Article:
Multiple Personalities: Crime and Defense
MPD as an Organic Disorder
Dr. Lewis believed Shawcross had been severely traumatized as a child and suffered from incomplete temporal lobe seizures that blocked his memory. She was of the opinion that those seizures only occurred during certain situations, such as when he was alone with prostitutes at night. Despite confessing to each murder and providing details only the killer would know, including leading investigators to the bodies of two of his victims, he was stating before trial that his memory was impaired.
Lewis was frustrated, she wrote, with the defense teams inability to get the brain scans she needed to prove her case neurologically and found herself ill-prepared for the prosecutions questions. She did not even know that another expert had questioned Shawcross at the same time as her evaluationsomething that may have influenced what Shawcross had told her.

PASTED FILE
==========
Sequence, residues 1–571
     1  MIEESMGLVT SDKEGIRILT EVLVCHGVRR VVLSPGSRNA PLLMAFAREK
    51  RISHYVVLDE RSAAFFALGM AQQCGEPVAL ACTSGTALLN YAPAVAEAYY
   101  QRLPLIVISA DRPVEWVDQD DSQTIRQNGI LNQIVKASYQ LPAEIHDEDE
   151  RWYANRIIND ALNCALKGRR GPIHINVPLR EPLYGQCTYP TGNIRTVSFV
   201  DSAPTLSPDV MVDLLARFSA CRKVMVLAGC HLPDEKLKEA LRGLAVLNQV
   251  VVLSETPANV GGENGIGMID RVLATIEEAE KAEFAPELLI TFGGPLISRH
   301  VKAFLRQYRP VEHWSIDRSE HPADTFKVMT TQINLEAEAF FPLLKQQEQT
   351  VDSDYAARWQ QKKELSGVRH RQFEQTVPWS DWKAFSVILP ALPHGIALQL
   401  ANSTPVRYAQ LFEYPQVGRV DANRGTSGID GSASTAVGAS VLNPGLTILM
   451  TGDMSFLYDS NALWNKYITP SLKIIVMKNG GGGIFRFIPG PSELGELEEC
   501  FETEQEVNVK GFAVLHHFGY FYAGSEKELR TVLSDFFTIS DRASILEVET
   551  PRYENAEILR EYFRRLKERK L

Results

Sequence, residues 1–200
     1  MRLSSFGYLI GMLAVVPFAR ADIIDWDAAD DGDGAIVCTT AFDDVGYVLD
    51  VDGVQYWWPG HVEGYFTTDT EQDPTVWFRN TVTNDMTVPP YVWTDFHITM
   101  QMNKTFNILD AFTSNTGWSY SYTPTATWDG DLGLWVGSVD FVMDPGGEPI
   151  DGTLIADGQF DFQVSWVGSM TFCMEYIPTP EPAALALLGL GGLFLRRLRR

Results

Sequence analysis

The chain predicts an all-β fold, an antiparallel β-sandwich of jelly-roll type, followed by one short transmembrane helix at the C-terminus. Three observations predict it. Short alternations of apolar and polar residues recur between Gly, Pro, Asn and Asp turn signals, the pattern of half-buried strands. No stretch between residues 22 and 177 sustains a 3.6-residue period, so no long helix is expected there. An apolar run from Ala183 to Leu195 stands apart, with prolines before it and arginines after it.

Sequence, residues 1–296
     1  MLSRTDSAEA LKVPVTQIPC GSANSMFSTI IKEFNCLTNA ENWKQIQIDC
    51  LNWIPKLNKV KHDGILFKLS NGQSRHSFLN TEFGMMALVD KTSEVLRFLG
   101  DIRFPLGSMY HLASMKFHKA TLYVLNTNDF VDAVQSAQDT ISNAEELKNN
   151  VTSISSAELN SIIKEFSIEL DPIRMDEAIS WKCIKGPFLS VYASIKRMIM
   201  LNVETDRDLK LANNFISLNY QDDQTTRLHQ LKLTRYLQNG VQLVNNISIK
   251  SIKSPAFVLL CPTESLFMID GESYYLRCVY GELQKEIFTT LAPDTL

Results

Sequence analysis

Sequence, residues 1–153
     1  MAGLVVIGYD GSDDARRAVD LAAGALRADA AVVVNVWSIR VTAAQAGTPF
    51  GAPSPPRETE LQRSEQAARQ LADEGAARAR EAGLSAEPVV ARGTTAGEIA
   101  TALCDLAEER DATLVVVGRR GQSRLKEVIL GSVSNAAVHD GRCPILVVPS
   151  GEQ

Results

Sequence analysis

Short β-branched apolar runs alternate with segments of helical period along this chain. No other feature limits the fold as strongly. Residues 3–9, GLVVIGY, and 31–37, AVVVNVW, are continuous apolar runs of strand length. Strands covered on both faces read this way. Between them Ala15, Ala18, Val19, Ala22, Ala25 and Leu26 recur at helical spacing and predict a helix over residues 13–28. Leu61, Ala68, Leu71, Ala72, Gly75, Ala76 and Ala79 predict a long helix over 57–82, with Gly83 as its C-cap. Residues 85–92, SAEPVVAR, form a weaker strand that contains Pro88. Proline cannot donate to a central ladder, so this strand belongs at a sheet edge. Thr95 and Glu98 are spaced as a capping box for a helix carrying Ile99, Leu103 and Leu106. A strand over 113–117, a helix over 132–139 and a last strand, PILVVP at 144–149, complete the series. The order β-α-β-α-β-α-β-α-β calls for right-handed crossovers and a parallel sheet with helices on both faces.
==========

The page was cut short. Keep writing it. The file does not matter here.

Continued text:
After five weeks of trial, the jury took less than two hours to find him both sane and guilty of murder in the second degree on 10 counts. Shawcross was sentenced to 25 years to life on each of the counts.
Lewis realized from this trial the need for physiological evidence and she continued her campaign to get recognition for brain damage as the basis for a diminished capacity to comprehend ones criminal acts. In 2003 she went on to make a case for it.